On Paris and processing tragedy


Light rain falls on memorial cards, flowers and candles in Paris on Thursday, Nov. 19, 2015. (Carolyn Cole/Los Angeles Times/TNS)

Light rain falls on memorial cards, flowers and candles in Paris on Thursday, Nov. 19, 2015. (Carolyn Cole/Los Angeles Times/TNS)

I tried to write this column at one in the morning several days ago. Instead of writing I found myself watching videos about the recent Paris attacks.

I looked up coverage of the Paris attacks, and saw the faces of the victims. Saw the faces of the attackers, who looked oddly human. I couldn’t imagine that they were capable of such evil. I watched a horrific video of people dangling from windows of the Bataclan. I thought about the attackers’ mothers– did they know what they produced?

I was trying to come up with an analysis of the situation. Some kind of articulate statement about how violence has been going on in Syria for a long time, but Syrians die as numbers, not faces and stories, but I couldn’t appropriately articulate my thoughts. I tried to tie the attacks to gun control in the United States. I attempted to break down the issue, make sense of it, and form a concise opinion. This wasn’t working.

It was nearly two in the morning and I was still struggling to make sense of it all. I watched this video by a man whose wife died in the attacks. He said that he would not live in fear, he will go about his life teaching his son how to be kind. I watched another video where a father explained to his son how love is greater than hate, and that is why they were placing flowers on a memorial for the victims.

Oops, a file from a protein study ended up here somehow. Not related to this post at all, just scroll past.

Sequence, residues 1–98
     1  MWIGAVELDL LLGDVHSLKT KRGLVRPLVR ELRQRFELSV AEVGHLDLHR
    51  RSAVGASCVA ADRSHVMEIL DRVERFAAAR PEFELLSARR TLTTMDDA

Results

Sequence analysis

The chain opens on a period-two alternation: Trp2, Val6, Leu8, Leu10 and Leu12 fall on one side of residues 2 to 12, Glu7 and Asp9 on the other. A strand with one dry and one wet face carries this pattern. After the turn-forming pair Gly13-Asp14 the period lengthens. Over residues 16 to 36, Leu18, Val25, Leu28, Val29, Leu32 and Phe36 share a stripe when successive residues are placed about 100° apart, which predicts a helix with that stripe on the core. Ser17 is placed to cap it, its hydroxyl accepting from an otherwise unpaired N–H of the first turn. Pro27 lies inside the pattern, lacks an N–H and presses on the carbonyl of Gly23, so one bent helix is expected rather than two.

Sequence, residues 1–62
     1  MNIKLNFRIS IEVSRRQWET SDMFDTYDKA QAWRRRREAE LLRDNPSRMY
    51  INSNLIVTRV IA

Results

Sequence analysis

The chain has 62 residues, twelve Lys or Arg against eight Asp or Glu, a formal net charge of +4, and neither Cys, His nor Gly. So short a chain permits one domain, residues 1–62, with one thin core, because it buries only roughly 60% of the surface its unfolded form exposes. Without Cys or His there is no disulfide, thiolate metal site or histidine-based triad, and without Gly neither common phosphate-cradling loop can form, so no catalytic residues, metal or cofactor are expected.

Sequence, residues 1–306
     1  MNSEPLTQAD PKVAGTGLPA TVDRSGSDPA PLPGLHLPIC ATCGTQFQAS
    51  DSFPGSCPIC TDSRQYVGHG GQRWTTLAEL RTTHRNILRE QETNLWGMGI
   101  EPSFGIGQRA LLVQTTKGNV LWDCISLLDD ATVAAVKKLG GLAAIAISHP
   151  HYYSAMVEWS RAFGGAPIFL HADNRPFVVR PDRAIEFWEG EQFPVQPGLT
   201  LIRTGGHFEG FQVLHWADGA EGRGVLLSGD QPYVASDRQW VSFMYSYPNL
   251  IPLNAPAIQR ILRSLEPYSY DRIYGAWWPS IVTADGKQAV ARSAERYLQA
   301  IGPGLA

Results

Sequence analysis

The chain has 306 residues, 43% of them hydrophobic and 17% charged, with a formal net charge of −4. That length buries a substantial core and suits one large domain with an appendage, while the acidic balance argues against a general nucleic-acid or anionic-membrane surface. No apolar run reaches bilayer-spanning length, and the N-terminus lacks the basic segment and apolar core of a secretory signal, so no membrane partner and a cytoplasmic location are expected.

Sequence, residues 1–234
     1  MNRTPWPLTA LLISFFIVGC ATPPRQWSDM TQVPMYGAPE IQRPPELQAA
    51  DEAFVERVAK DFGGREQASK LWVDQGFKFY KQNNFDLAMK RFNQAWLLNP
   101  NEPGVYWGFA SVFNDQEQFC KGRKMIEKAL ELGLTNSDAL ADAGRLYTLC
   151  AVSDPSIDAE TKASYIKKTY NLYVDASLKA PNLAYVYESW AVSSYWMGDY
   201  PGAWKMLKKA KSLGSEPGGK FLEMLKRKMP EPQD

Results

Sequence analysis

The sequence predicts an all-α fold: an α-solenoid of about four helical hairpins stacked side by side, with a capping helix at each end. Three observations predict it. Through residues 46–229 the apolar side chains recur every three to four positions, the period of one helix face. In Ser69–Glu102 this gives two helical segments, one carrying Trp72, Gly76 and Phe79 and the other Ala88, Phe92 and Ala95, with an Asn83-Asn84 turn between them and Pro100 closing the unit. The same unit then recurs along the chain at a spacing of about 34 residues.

I battled with myself. I wondered if I would be on the same page as those fathers. Would I be capable of such kindness, or I would I want to personally strangle each gunman? Would I live my life without fear? Would I continue to go through each day normally because that’s what vehicles of hatred wouldn’t want me to do? Or would I live in a constant state of paranoia and caution?

Nothing was working. I couldn’t form an opinion. As it got later, I became sadder and angrier and my head became foggier. I didn’t know how to feel about the attacks on Paris other than sad for the city, the victims, and their families. I went to bed.

When I woke up I realized that it was okay not to have an articulate thought about the tragedy. The world is full of craziness that I can’t control. A resource center for the disabled was shot up, a man rampaged a Planned Parenthood clinic, twenty two people died at the hands of a gunmen in Mali, ISIS murdered people in Paris, Beirut, and Baghdad, Syrians are forced out of their homes, and Donald Trump could be our president. I’m not advocating apathy, or complacency, but sometimes it’s okay to not have organized, and poignant thoughts about straight up insanity.

With so much bad news it’s hard to keep a level head. It’s hard not to become cynical and cold hearted, and give up on the kindness of the world. I won’t ignore what’s happening, but I can’t let the news of evilness suffocate me at the age of seventeen. It is a waste of time to ask how people can be so evil, or what drives people to murder in the name of God, because I will never understand.

All I can control are my actions, so I will try my best to practice kindness every day, and to take each of those days in stride. I will continue to laugh at the weird ways of the world, and sing “Hello” by Adele in my car on the way home from school, and tell my family that I love them every night before bed.

I look out my window now and it is a beautiful day. The sun is shining. It is a crisp 50 degrees. My sister is in her room watching The Office. I have two rabbits named Cutie and Patootie. I have sweet friends, a loving family and I can still see the goodness in humanity everyday.